This was the heyday of the state’s commercial fishing industry. Pink salmon, the smallest and least valued Alaska salmon, peaked at 79 cents per pound in ’88.
On face value, meanwhile, that $1.11 per pound average for sockeye three decades ago is troublingly close to twice the 60 cents per pound being talked about this year. But roll in a correction for inflation, and the decay in Alaska salmon prices looks catastrophic.
A sockeye worth $1.11 per pound in 1985 would be worth $3.13 a pound today, according to the inflation calculator. KDLG, the public radio station in Dillingham on the north side of the Bay, was last week reporting fishermen speculating they might get 75 cents per pound for sockeyes bled and refrigerated before delivery.
Because of improved quality, processors are willing to pay a premium for those fish into which fishermen put some initial processing effort. But even with the premium, the fish would be worth only about a quarter what any old sockeye thrown in the hold of gillnetter was worth three to four decades back in time.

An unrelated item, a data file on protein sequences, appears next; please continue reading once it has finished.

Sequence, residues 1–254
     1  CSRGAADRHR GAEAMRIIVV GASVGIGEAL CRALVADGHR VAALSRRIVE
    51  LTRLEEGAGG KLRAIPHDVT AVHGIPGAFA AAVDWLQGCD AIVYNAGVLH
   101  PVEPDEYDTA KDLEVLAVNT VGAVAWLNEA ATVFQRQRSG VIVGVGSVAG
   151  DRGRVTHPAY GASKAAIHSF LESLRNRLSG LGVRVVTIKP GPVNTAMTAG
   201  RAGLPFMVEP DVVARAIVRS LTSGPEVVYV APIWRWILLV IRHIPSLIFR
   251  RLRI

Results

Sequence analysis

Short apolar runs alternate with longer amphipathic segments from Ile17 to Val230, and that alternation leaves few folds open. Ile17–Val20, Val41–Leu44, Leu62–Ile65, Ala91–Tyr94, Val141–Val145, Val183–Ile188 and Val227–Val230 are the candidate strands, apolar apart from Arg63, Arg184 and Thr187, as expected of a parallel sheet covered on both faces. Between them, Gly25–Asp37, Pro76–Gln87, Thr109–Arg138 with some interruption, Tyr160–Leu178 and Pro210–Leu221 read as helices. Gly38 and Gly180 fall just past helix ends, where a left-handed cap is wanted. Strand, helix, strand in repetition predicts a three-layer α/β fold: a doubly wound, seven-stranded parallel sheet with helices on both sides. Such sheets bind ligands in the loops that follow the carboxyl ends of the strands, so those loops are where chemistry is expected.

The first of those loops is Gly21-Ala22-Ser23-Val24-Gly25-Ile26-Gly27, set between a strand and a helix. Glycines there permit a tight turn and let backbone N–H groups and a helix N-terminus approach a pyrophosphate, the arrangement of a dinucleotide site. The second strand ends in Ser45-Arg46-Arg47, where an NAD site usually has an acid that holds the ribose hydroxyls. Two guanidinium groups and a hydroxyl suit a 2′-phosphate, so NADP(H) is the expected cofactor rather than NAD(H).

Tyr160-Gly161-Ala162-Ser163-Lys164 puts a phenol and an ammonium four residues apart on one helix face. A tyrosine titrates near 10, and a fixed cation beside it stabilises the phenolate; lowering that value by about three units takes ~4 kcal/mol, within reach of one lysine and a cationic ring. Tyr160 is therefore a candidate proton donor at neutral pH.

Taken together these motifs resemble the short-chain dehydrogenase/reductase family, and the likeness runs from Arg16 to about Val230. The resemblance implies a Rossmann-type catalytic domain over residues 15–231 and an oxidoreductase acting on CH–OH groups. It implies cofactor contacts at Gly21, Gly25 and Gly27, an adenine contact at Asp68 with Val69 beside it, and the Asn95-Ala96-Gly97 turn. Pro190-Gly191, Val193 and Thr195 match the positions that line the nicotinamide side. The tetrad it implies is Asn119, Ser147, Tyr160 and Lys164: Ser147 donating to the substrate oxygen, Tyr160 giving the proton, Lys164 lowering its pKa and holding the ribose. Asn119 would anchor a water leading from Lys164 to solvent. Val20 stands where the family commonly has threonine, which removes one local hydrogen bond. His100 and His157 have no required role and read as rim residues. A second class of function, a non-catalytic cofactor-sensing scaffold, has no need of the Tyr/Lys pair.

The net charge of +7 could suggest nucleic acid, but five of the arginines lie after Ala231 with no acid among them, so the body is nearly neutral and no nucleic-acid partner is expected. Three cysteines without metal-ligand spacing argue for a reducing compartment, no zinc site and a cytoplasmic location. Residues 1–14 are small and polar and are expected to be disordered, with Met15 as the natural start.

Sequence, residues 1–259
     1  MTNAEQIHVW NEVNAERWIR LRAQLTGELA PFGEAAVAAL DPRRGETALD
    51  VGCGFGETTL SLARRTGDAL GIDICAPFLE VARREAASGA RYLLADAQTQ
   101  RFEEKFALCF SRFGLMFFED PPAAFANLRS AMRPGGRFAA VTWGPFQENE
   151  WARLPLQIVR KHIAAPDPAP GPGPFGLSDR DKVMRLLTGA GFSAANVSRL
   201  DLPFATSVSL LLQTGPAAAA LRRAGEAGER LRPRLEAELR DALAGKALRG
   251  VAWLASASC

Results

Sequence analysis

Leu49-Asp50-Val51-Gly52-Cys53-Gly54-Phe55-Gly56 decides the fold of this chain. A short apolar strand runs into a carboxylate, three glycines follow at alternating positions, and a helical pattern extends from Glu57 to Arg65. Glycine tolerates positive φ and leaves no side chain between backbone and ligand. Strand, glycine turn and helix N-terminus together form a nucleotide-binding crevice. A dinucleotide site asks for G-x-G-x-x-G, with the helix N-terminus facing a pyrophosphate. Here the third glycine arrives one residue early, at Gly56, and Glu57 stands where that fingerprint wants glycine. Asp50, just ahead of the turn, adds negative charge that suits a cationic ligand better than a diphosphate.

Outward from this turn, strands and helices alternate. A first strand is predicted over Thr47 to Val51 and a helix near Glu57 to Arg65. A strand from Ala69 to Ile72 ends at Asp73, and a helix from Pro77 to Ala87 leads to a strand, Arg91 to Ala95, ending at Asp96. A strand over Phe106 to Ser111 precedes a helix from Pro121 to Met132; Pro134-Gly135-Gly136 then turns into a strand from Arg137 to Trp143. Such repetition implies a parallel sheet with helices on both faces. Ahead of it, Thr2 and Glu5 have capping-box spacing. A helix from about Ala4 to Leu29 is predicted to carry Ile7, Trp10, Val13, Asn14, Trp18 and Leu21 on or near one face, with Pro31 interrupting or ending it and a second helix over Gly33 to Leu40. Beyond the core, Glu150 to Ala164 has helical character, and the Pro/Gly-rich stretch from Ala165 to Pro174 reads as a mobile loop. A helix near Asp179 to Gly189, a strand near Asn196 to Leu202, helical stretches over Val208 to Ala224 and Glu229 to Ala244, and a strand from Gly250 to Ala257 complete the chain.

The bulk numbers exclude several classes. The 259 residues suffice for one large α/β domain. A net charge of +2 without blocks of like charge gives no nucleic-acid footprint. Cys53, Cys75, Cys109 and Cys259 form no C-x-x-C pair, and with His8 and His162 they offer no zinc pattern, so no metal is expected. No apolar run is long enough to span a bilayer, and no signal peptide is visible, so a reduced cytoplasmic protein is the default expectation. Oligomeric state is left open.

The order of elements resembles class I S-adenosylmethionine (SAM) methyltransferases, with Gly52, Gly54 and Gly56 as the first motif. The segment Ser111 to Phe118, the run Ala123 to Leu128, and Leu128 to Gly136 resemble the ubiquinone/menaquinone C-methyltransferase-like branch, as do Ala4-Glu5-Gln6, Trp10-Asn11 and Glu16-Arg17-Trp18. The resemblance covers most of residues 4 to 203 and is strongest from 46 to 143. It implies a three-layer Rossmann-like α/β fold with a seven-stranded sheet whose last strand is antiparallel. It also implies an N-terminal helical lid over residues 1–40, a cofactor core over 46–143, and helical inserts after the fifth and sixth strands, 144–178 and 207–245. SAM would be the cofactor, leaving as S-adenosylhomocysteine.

Once most valuable resource
There was a time when salmon were the state’s most valuable resource.
“In 1922, the total revenue derived from all sources of taxation by the Territory of Alaska amounted to $563,000,” the state’s salmon processors complained in a 1923 Alaska newspaper advertisement claiming the territorial legislature was on the verge of taxing them out of business.